FourSlide (Four-slide) Components, Coiled Springs, Metal Stamping


Fourslide Components       

Four-slide (fourslide) fabrication is a metal forming process in which flat stock sheet metal or wire is shaped into predetermined parts in a stamping press. During the press operation, the slide or ram, maintains movement to and from a motionless table called a press bed. The die, a press tool consisting of a specially designed cavity, shapes metal parts from the inserted sheet metal. The upper component of the die connects to the press slide and the lower component connects to the press bed. A die component called the punch performs the necessary shaping operation by pushing the sheet metal through the die. Dies slide in and out from four sides (thus the name Four-slide, Fourslide) to make multiple, precision bends.

Examples of Four-Slide (Fourslide) Parts:

Asst Four-Slide Parts

A four-slide (fourslide) machine is much different than most other presses. The main feature of the machine is its moving slides that have tools attached, which strike the workpiece to form it. These slides are driven by four shafts that outline the machine. The shafts are connected by bevel gears so that one shaft is driven by an electric motor, and then that shaft’s motion drives the other three shafts. Each shaft then has cams which drive the slides, usually of a split-type. This shafting arrangement allows the workpiece to be worked for four sides, which makes this machine extremely versatile. A hole near the center of the machine is provided to expel the completed workpiece.

Typical Four-slide (Fourslide) Machine Operation:

Due to this flexibility, it reduces the cost of the finished part because it requires less machines, setups and handling. Also, because only one machine is required, less space is required for any given workpiece. As compared to standard stamping presses, the tooling can be more or less expensive depending on the complexity of the parts. A four-slide can usually produce 20,000 to 70,000 finished parts per shift, depending on the number of operations per part. This production speed usually results in a lower cost per part.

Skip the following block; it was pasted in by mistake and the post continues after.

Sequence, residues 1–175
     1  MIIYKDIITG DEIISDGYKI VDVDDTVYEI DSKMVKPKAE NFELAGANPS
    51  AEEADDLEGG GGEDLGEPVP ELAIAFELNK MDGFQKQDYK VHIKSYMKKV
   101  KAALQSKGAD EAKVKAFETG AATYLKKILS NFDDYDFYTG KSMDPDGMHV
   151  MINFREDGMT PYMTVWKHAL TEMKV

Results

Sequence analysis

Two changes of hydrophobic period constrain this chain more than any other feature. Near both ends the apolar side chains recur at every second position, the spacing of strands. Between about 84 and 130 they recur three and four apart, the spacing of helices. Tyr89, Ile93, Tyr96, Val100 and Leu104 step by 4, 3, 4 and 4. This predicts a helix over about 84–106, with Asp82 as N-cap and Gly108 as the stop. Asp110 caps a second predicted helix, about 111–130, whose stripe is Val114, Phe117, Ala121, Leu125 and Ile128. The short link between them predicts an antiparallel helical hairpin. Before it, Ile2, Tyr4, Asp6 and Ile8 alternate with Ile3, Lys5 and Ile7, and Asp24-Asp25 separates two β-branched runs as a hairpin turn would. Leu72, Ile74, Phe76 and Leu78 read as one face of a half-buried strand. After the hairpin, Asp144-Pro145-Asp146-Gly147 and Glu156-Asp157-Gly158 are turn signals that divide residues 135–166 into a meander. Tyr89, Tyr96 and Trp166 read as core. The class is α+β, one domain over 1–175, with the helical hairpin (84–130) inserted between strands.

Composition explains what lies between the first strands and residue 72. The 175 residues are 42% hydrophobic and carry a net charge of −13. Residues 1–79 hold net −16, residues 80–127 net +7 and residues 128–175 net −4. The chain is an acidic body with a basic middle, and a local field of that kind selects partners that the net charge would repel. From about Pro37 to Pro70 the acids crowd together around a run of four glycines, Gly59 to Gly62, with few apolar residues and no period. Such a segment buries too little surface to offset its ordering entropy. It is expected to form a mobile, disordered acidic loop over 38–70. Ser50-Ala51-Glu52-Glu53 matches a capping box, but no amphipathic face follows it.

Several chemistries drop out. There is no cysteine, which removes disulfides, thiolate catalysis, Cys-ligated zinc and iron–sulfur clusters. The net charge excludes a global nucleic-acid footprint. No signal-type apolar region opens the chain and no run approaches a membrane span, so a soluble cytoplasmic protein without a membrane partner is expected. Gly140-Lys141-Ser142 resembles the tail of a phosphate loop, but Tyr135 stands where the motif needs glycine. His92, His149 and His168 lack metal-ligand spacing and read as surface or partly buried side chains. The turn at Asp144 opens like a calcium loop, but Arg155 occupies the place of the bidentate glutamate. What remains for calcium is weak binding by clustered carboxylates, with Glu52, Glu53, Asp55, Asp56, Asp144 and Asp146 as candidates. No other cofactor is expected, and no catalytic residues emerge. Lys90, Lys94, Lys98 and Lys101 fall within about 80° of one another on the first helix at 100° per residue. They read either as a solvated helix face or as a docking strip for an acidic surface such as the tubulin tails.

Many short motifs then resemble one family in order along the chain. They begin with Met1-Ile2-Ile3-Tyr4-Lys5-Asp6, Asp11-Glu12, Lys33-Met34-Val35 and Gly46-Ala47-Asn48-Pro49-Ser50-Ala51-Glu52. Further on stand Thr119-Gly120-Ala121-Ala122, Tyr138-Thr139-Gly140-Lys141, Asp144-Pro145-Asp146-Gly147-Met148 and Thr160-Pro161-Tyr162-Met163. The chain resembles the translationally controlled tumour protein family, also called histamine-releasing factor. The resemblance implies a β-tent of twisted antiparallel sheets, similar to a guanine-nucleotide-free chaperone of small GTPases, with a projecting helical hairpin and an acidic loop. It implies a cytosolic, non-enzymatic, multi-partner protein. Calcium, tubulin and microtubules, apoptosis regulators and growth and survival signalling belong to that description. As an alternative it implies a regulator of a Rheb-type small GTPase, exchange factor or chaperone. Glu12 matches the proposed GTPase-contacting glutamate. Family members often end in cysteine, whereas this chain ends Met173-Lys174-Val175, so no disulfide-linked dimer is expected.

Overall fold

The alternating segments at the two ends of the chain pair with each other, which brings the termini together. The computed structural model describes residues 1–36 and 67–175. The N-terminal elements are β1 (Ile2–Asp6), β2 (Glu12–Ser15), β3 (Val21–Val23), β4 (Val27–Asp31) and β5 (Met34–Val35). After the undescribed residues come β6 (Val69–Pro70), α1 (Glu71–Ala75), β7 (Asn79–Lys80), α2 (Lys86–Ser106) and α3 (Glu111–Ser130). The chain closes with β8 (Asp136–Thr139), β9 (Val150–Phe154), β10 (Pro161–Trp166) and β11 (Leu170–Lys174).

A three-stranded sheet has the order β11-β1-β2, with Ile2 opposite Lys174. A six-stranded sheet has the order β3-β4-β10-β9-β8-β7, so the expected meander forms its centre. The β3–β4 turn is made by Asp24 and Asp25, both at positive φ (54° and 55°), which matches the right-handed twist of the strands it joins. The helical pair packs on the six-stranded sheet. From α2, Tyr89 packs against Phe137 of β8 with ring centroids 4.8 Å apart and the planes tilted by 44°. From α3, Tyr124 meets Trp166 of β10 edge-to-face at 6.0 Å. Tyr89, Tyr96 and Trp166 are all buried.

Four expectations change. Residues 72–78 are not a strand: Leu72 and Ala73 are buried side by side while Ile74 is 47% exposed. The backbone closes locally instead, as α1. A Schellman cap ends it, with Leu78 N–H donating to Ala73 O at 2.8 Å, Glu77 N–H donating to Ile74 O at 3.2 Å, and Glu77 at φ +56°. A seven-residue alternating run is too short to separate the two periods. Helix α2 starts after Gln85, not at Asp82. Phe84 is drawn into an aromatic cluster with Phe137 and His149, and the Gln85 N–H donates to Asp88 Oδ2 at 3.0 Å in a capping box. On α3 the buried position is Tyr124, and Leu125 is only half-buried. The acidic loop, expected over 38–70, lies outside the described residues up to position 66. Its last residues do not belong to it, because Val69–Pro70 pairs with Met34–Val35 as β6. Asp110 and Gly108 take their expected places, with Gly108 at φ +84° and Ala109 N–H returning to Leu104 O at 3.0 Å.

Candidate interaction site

Although the piece price of a four-slide manufactured part is relatively inexpensive, hard tooling is required to form the parts and the tooling could be quite expensive depending on the complexity of the part, as mentioned above.


Metal Stamping

stamped component

Metal Stamping (forming) is the process of placing flat sheet metal in either blank or coil form, into a stamping press where a tool and die surface forms the metal into a net shape. This could be a single stage operation where every stroke of the press produces the desired form on the sheet metal part, or could occur through a series of stages. The process is usually carried out on sheet metal, but can also be used on other materials. Metal stamping can include a number of metal forming processes; blanking, punching, bending, and piercing and more.

Blanking: This process is about cutting the rough outline or shape of the product. This stage is about minimizing and avoiding burrs, which can drive up the cost of your part and extend lead time. The step is where you determine hole diameter, geometry/taper, the spacing between edge-to-hole and insert the first piercing.